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In this chapter, Alexander Cooley details how Central Asian countries use the competing and overlapping infrastructure of external powers to consolidate their own domestic political standing. In the 2000s, after 9/11 and a string of “Color Revolutions,” Russia and China established themselves as alternative providers of public goods in a region hitherto seen as consisting in countries in “democratic transition” under US influence. Consequently, with alternative goods providers available, Central Asian countries themselves leveraged their relationship to the West to achieve political and economic aims and to push back against criticism about human rights abuses and authoritarian policies. Cooley’s example of how Russia deploys and supports alternative election observers to post-Soviet countries drives home the point that the rise of alternative providers and goods substitution has undermined US hegemony and eroded the policies, norms, and institutions of the US-led liberal international order. As the chapter demonstrates, these dynamics escalated very quickly in a region, originally categorized as “post-Communist,” at the outer boundary of the US-led Western sphere of influence.
This introductory chapter first reviews the major categories of goods: private, public, common-pool, and club, and discusses the concept of good specificity – essentially, the number of possible suppliers – which matters to the politics of substitution. It then turns toward a discussion of how this volume defines and understands international order: An important feature of international order is its “goods ecology” – that is, patterns in the production, supply, quality, and nature of international goods. The next major section elaborates the logic of goods substitution, which serves as the common framework for the chapters in the book, before illustrating how many of the goods in international politics are cultural or symbolic in character and having performative dimensions. The chapter concludes by laying out the plan of the volume and the contents of each of the chapters.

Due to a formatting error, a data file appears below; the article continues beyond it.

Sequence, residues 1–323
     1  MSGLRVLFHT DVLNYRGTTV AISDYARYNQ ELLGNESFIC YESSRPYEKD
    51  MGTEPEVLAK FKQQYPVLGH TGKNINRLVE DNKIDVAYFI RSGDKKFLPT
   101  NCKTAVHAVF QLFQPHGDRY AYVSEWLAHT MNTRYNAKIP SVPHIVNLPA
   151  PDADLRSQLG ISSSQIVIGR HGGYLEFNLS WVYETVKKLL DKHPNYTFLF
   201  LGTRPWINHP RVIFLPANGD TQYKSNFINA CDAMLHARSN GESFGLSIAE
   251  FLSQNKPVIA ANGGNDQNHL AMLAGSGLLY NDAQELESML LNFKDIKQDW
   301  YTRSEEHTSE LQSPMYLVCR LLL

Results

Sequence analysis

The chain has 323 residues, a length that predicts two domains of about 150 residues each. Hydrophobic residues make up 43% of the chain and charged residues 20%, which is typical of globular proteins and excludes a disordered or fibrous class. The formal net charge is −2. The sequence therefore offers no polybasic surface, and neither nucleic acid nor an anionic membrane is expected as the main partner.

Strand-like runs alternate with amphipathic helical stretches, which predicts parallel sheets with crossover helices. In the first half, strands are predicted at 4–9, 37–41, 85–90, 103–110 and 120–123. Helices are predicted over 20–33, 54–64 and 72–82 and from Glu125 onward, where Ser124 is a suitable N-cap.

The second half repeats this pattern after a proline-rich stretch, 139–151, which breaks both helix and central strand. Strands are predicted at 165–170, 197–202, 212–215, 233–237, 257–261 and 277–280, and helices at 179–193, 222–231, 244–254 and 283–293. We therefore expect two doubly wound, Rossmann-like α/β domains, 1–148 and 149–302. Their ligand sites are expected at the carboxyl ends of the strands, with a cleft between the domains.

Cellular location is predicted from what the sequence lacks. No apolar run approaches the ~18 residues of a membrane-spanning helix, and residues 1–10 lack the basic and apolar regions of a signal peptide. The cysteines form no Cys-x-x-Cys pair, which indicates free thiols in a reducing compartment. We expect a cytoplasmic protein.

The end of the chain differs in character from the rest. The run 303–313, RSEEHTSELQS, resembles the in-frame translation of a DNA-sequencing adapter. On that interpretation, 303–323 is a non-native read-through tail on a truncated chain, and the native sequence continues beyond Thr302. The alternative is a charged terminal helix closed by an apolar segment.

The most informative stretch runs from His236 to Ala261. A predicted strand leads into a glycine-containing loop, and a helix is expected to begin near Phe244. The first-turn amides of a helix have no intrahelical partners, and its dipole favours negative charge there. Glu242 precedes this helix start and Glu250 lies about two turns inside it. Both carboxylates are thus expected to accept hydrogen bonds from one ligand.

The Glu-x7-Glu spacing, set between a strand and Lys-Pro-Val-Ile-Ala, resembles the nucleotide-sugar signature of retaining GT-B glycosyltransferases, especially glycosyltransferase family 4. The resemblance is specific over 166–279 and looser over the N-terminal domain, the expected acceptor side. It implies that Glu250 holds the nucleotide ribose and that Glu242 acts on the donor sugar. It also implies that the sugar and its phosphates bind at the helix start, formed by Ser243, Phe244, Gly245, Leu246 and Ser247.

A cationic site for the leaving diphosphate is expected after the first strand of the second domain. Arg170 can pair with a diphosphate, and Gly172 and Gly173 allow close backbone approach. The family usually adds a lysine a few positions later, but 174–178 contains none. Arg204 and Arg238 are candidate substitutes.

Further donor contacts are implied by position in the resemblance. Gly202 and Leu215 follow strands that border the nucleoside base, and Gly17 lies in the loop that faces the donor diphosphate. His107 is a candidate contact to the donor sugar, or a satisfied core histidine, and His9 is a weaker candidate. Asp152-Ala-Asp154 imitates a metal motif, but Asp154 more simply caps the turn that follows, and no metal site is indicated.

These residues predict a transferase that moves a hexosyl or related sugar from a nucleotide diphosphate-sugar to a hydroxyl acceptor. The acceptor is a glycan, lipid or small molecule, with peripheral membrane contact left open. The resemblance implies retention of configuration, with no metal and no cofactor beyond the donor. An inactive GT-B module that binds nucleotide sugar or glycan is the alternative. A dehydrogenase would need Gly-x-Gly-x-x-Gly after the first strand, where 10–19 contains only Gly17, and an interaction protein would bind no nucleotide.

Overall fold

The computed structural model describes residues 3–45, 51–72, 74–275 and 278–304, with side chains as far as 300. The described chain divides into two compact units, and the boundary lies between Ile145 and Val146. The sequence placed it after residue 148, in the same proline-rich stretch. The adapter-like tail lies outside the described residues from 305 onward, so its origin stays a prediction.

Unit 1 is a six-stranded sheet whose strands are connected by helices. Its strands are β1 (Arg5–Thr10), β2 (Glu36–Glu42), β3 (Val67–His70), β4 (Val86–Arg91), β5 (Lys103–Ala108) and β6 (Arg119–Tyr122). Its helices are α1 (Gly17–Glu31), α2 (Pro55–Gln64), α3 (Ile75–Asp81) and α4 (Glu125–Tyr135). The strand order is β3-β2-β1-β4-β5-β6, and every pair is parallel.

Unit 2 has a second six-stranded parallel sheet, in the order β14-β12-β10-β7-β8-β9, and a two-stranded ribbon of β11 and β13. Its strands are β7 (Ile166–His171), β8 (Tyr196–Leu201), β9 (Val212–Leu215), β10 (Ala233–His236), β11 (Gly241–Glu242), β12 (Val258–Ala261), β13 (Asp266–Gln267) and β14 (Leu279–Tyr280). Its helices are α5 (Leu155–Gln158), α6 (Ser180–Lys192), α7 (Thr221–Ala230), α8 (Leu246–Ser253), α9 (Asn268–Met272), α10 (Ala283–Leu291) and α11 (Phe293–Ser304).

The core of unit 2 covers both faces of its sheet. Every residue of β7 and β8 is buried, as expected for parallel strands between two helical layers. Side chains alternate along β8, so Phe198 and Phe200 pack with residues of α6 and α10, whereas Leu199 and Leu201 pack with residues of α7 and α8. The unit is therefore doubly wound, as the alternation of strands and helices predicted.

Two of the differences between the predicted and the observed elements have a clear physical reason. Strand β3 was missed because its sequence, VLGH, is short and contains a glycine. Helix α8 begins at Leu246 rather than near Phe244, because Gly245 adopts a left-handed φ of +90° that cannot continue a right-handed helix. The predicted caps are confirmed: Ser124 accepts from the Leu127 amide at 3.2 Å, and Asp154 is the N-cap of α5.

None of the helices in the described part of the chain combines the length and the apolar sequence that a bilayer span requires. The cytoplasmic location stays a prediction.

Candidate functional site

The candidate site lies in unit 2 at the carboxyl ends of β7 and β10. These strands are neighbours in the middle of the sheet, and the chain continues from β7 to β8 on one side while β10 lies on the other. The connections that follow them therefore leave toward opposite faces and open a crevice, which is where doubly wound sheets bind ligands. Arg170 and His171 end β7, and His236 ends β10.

Advancing a new approach to the study of international order, this book highlights the stakes disguised by traditional theoretical languages of power transitions and hegemonic wars. Rather than direct challenges to US military power, the most consequential undermining of hegemony is routine, bottom-up processes of international goods substitution: a slow hollowing out of the existing order through competition to seek or offer alternative sources for economic, military, or social goods. Studying how actors gain access to alternative suppliers of these public goods, this volume shows how states consequently move away from the liberal international order. Examining unfamiliar – but crucial – cases, it takes the reader on a journey from local Faroese politics, to Russian election observers in Central Asia, to South American drug lords. Broadening the debate about the role of public goods in international politics, this book offers a new perspective of one of the key issues of our time.